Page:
The Civil Rights and Black Lives Matter movements are examples of people of conscience joining forces across race, culture and belief to fight for a cause. It can be done again.
This week, National Urban League president and CEO Marc H. Morial denounced anti-Asian violence. “Efforts to deflect blame for the pandemic onto a particular ethnicity are wreaking havoc on innocent people,” he said.
“We stand with our Asian-American brothers and sisters, and call on all Americans to reject bigoted and xenophobic sentiment in every aspect of life … In this time of crisis, it’s even more important that we work together and take care of one another.”
That means each one of us taking a stand against hate, wielding the hard-won insight that comes from being discriminated against, worrying about loved ones when they go through the door, of being spoken down to, ignored, and of being feared and afraid.
That’s my cue to bring up Sen. Ron Johnson’s recent interview in which he said he had no reason to be afraid of the Capitol rioters, whom he described as “people that love this country, that truly respect law enforcement.”
On the other hand, he said, “Had the tables been turned, and President Trump won the elections and those were tens of thousands of Black Lives Matter and Antifa protesters, I might have been a little concerned.”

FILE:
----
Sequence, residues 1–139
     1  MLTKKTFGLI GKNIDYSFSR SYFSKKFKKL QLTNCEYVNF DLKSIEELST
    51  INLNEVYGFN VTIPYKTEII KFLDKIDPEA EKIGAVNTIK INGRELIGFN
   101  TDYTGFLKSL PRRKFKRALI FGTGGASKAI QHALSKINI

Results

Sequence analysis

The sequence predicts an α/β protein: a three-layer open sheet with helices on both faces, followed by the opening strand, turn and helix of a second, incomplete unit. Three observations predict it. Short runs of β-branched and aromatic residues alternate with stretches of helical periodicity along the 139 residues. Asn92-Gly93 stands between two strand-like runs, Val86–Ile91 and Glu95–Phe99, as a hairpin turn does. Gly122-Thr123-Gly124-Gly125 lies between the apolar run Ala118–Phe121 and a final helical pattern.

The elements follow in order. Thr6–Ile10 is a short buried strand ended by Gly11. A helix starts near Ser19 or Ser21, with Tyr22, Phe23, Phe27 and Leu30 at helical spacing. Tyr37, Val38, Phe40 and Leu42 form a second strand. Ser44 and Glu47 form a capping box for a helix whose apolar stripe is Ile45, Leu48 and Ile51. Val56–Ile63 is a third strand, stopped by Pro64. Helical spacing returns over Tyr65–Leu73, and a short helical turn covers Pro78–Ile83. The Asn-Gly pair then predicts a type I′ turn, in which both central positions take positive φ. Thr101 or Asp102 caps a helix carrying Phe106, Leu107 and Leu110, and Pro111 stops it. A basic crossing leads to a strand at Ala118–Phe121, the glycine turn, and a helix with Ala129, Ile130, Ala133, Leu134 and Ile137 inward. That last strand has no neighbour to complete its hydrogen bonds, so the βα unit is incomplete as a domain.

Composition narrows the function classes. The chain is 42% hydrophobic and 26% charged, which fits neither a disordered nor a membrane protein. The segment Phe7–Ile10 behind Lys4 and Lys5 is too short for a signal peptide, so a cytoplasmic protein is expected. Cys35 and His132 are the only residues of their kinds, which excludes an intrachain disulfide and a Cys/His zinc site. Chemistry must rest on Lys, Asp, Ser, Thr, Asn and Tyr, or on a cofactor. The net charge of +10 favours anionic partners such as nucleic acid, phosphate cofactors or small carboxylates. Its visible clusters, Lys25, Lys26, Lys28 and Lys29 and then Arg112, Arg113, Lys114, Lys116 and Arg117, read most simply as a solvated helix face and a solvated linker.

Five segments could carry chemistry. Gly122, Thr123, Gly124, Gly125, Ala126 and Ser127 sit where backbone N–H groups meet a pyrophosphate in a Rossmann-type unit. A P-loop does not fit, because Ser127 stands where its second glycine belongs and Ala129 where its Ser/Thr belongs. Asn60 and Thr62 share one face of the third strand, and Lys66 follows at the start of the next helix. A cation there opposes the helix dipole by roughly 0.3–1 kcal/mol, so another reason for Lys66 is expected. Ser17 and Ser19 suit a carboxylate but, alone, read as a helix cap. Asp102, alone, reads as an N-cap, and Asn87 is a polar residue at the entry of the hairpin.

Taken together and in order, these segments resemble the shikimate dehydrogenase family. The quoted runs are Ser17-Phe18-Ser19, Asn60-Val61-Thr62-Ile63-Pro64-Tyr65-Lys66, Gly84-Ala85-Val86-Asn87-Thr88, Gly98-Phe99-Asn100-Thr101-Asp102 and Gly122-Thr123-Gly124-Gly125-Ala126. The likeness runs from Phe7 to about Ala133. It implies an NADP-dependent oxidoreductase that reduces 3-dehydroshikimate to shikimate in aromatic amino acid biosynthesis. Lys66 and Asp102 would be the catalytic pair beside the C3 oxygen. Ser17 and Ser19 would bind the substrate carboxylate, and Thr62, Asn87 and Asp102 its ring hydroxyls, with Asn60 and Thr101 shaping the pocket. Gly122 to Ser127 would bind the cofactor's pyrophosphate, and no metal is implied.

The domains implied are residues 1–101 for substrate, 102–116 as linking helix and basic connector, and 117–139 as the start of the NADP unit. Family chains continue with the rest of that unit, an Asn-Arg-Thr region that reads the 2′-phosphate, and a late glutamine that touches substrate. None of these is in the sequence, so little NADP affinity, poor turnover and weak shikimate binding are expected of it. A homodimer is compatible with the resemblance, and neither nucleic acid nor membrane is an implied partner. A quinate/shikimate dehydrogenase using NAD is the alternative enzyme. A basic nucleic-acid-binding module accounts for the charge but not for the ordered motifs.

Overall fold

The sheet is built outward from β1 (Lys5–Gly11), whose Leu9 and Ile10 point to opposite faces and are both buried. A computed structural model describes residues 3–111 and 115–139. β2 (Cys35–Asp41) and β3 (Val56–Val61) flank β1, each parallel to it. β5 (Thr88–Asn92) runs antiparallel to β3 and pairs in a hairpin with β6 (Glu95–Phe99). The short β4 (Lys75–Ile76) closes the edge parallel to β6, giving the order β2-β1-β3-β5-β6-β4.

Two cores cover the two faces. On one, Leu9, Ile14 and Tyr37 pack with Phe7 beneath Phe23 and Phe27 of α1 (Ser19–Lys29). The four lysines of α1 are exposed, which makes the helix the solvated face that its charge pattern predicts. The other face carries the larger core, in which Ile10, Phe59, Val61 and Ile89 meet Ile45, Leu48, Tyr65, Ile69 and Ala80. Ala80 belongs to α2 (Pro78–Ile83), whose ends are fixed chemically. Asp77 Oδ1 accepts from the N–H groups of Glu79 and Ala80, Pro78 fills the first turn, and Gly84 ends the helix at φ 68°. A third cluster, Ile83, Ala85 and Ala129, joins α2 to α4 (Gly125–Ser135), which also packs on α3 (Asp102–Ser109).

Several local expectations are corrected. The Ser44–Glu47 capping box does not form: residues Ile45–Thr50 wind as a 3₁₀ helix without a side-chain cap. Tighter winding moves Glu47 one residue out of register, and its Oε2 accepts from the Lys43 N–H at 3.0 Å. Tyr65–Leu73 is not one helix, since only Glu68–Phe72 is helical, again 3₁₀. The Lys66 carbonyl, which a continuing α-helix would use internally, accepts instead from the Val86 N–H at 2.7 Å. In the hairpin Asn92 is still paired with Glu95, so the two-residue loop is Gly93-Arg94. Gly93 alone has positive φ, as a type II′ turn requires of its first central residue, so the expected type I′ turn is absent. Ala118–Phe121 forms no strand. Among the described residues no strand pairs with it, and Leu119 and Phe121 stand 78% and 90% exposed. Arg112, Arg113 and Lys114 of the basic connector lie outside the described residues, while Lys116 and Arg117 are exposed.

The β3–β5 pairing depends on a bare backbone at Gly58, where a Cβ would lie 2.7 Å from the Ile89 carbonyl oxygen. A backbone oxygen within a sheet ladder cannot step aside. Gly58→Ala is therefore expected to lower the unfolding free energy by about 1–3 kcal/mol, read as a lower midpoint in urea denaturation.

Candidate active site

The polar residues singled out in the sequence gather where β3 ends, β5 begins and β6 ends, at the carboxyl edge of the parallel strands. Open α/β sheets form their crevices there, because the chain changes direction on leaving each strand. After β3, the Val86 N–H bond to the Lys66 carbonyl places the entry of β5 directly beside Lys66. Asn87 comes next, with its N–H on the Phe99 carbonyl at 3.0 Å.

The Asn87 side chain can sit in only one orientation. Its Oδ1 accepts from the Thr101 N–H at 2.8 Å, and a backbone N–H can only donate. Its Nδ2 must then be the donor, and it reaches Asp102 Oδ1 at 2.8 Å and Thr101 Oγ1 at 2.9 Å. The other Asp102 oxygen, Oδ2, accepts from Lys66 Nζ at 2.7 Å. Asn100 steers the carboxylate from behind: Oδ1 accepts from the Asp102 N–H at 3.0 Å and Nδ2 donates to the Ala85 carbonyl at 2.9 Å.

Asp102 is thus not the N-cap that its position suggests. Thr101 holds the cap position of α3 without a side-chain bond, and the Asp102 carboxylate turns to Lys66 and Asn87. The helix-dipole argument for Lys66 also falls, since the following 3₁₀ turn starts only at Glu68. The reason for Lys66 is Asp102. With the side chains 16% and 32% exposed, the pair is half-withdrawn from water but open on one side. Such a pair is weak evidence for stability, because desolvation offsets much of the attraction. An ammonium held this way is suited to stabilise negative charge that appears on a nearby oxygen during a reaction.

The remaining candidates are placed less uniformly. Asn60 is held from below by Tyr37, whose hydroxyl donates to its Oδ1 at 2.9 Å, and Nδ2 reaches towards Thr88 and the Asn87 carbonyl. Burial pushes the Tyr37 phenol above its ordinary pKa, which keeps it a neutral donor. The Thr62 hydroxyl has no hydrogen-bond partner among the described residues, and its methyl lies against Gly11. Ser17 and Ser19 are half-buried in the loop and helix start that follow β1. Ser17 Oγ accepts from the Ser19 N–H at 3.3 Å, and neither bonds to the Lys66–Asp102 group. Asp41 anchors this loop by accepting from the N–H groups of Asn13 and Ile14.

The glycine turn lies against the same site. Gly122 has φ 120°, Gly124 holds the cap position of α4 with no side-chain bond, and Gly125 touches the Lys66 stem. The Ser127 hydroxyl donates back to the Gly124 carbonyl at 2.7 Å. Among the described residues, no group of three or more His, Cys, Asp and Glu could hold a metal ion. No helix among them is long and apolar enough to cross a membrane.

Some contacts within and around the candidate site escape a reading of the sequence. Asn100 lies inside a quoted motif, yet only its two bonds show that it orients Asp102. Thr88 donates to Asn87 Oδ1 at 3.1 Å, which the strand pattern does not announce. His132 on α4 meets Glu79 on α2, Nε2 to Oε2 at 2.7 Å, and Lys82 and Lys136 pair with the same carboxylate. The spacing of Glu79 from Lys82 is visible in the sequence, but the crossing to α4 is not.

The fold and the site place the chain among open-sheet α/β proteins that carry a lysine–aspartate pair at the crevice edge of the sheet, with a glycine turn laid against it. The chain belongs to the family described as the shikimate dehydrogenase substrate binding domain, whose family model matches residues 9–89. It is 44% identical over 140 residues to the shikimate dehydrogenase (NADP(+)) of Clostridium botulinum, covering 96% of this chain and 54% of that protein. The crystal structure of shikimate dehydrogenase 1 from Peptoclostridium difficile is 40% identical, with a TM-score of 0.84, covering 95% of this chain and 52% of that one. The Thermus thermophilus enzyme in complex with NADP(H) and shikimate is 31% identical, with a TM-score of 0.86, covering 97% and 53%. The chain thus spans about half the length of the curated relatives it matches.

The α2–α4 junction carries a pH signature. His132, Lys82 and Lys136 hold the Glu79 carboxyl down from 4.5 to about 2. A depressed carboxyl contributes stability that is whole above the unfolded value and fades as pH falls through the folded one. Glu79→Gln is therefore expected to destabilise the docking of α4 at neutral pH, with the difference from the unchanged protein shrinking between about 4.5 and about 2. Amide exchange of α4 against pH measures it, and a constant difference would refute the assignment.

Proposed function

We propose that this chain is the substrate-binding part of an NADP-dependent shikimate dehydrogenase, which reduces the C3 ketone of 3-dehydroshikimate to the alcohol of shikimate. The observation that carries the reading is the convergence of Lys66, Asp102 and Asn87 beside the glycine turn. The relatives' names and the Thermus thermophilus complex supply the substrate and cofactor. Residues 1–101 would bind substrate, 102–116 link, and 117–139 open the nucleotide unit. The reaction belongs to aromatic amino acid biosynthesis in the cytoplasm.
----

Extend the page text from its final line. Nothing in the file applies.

It’s here that I must make a confession. I wear a mask when I walk in my Pinellas Point neighborhood. Actually, it sits on my chin most of time and is surreptitiously pulled into place when a fellow walker or jogger approaches. The past few weeks, though, as restrictions have eased and masks have been tossed into bonfires, I’ve become a bit fearful of the anti-maskers. That was the case one afternoon when a man came out of a yard that once carried a Trump sign. I immediately went on guard, worried that he would be disapproving, even aggressive.
What did he actually do? He greeted me with a nod. In that was a lesson for me about prejudging and one we should all teach to our children.
And as the repercussions of prejudice and hate assault the Asian community, we must offer our support, honoring them as elders and youth, professionals and restaurant workers, shop owners and manicurists – whoever they are. Or simply as fellow human beings.